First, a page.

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Uruguay: confrontation of military officers with judicial system.

Uruguayan General Miguel Dalmao in October 4, 2010. General Dalmao is the first prosecution of an active military man after the military regime.

About 30 retired Uruguayan military officers will be summoned to court for their alleged involvement in human rights violations during the 1973-1985 dictatorship, the local press reported on Monday.

With the end of the summer holidays, Uruguayan courts will resume their activities between February 7th and 12th, when the Judge Mariana Mota and the prosecutor Ana Maria Tellechea will begin questioning 15 former military officers, according to press reports.

Those officers will be asked about the disappearance of Communist Party member Horacio Gelos Bonilla, a process that is part of the case against former dictator Juan Maria Bordaberry on charges of violating the Constitution.

Like all February 1st in Uruguay, the judicial system will resume its normal activity after the Judicial Fair (vacations).

When the judges return to their offices, many judges will  handle controversial cases of high public exposure, like some cases involving  members of the Uruguayan Armed Forces. According to what happened in previous occasions,  a significant number of retired military will be accused for killings and disappearances during the Uruguayan military regime.

Until now, the accused military participated in the courts proceedings without  major objections. But since the detention of the General in activity Miguel Dalmao,  some of the officials reacted.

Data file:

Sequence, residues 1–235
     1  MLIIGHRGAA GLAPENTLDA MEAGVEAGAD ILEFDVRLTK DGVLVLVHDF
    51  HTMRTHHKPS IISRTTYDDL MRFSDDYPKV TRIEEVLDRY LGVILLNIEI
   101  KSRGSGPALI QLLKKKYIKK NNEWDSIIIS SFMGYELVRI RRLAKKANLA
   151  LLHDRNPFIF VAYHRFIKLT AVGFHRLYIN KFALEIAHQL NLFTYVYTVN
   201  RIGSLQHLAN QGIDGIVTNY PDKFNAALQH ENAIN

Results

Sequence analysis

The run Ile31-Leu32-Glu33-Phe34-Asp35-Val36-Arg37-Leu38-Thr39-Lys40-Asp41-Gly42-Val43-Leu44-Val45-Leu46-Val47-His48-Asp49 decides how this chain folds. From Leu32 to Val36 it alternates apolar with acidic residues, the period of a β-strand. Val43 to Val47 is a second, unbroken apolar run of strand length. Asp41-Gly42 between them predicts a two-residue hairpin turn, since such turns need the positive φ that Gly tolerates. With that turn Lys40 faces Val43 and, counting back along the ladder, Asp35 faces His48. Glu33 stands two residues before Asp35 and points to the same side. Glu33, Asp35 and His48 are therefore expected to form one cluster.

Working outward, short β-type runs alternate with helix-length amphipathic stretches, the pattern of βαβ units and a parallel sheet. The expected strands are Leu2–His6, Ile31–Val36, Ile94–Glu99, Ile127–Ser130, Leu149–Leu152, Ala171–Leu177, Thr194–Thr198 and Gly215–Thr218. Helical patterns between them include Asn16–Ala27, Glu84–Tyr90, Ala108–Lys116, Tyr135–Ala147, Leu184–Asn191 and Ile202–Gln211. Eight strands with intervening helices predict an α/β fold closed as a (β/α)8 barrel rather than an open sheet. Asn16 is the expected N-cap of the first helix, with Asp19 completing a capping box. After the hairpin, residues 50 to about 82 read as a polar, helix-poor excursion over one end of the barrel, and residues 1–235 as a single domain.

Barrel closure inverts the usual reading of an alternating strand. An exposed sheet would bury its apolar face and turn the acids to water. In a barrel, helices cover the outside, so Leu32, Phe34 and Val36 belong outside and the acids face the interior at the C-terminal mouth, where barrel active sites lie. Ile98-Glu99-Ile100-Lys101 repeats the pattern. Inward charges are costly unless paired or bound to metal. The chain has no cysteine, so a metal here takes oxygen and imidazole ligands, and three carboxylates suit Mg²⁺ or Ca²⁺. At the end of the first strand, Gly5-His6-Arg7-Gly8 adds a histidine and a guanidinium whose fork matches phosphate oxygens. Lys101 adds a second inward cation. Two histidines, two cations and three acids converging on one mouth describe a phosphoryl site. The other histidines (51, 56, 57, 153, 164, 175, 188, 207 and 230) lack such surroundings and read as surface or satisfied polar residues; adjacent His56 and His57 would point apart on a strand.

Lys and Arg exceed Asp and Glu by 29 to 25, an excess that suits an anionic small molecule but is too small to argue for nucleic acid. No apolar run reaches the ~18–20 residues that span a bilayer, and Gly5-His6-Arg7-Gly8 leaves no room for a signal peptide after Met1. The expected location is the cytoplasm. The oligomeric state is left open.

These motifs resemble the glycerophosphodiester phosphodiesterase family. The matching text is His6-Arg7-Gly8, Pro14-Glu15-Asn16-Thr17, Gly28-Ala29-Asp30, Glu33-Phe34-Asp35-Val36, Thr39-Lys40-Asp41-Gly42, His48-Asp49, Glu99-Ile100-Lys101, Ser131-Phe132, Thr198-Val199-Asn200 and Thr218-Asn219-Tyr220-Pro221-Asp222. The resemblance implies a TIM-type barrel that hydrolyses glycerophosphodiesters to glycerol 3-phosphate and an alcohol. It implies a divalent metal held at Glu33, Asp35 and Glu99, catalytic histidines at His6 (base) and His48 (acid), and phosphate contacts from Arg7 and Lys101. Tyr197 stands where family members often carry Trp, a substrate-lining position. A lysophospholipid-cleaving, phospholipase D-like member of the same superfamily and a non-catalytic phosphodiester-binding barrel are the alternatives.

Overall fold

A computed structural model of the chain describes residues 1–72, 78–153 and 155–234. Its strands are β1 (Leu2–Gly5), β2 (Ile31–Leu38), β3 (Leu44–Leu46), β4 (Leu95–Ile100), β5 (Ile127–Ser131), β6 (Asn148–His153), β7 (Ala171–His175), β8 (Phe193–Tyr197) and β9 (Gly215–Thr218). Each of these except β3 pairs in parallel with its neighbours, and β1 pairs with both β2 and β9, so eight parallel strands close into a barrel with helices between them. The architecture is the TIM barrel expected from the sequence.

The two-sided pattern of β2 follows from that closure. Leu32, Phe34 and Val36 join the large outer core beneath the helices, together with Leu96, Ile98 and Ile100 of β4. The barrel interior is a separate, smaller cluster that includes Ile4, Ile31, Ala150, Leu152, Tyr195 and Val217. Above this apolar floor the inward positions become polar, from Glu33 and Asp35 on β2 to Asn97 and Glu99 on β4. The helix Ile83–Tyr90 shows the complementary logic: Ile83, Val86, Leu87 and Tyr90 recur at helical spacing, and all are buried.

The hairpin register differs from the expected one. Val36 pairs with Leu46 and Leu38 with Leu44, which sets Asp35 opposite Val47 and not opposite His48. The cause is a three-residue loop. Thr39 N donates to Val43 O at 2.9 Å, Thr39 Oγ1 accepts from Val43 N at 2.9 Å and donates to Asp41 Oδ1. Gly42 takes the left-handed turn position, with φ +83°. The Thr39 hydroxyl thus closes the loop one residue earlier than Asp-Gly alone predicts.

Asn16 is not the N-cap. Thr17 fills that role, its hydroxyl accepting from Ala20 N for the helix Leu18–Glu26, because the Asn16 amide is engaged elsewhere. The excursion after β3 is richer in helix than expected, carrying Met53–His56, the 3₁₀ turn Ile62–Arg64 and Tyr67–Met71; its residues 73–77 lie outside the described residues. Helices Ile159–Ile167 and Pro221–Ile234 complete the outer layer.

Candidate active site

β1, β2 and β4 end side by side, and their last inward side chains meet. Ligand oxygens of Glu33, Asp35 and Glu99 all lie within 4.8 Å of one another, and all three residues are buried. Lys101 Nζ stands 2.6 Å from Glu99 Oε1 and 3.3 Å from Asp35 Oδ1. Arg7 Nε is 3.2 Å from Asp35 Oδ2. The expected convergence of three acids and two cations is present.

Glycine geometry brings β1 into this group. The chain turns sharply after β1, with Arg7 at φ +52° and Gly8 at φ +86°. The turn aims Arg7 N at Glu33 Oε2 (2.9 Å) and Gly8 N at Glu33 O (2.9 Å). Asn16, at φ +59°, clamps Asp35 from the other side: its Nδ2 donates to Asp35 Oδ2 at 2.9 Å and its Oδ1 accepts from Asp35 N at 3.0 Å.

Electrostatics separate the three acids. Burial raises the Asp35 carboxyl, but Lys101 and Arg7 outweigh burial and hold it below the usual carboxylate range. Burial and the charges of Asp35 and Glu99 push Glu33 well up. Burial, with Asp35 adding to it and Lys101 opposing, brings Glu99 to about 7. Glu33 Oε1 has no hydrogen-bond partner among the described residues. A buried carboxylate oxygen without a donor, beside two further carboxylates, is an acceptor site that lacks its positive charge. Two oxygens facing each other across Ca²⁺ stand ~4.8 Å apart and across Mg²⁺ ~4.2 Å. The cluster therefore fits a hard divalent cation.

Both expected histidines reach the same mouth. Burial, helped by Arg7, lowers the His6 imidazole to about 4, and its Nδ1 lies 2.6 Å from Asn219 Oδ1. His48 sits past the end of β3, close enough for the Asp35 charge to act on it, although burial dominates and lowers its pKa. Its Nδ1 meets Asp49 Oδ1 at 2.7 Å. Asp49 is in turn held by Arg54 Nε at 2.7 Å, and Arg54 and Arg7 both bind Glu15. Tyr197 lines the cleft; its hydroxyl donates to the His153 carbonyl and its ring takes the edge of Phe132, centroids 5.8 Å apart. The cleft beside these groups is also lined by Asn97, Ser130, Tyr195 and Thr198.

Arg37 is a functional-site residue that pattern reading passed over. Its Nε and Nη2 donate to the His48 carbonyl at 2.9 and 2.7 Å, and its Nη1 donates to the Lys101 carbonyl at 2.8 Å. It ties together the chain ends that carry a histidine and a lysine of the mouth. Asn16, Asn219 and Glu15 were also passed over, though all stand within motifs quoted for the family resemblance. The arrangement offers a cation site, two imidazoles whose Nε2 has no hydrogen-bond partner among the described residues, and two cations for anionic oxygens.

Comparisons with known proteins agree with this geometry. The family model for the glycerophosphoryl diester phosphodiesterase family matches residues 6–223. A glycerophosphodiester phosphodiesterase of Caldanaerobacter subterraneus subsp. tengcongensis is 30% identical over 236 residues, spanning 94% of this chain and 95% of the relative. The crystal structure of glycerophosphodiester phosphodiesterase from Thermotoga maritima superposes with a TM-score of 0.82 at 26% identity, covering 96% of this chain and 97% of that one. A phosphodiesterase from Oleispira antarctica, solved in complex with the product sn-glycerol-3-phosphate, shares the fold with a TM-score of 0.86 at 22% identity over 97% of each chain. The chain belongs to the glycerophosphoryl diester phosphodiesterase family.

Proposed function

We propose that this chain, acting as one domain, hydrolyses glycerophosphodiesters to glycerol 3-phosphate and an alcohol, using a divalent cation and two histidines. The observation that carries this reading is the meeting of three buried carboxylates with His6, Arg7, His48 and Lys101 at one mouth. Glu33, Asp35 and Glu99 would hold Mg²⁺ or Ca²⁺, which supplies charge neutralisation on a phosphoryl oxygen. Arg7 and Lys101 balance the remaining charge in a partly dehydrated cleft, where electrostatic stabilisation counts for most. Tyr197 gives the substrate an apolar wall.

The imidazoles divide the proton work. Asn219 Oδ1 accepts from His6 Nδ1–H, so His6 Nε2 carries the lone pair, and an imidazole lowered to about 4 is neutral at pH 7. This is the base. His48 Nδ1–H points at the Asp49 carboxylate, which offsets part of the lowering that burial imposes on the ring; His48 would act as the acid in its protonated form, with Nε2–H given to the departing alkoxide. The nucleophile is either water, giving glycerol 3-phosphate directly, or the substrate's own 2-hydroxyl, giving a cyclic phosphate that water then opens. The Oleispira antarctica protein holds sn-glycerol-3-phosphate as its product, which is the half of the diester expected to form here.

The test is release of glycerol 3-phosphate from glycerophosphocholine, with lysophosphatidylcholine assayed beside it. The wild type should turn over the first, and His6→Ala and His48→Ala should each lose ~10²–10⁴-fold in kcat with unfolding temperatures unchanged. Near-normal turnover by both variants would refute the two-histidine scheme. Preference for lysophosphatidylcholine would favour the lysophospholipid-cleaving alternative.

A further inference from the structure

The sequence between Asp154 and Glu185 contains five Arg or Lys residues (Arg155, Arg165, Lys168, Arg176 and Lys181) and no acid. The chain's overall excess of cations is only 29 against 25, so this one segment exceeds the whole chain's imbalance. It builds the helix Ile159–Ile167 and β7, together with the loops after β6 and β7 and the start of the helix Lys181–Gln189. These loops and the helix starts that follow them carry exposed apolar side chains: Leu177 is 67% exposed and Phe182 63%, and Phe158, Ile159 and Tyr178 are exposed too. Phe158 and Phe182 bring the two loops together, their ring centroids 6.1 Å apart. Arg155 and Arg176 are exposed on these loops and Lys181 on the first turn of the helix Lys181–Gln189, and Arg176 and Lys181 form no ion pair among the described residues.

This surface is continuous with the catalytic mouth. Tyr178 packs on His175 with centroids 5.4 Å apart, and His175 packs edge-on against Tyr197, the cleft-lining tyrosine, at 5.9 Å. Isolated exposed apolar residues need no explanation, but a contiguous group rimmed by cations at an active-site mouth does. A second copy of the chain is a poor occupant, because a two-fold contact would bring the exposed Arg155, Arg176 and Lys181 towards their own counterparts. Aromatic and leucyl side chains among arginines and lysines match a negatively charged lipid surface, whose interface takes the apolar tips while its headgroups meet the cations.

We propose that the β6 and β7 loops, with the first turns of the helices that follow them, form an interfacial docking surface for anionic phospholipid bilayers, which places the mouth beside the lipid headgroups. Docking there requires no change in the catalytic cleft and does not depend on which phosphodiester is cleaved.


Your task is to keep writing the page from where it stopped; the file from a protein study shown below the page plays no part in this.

With the imminence of new citations and possible prosecution, a group of 29 military promotions formed the group Forum for Freedom and Amity, who sent a letter to the commanders of the three armed forces (Army, Navy and Air Force) demanding action to prevent further prosecutions of officers.

The group, composed of retired and active military, was formed in 2010 after the imprisonment  of General Miguel Dalmao allegedly accused of being involved in the death of the communist militant Nibia Sabalsagaray.

In 1985, after a similar situation, the Commander in Chief of the Army Hugo Medina announced to the political leaders , specially to Mr. Wilson Ferreira (the leader of the National Party) that if the Judicial System send any judicial request to his officers, he was going to keep the judicial indictments in his safe box, resisting the arrests. In 1985, such possibility  of military confrontation with the political power was the preamble to the approval of a law of amnesty for the military, the so called “Ley de Caducidad de la Pretensión Punitiva del Estado”, subsequently ratified by the majority of Uruguayans in three referendums.

Previously, in 1984, during the last months of the military dictatorship, both military and politicians of the Broad Front (Frente Amplio, now in government) and the Partido Colorado entered into an agreement to avoid any prosecution of military officers, the so called “Pacto del Club Naval”. The National Party did not agree with that settlement.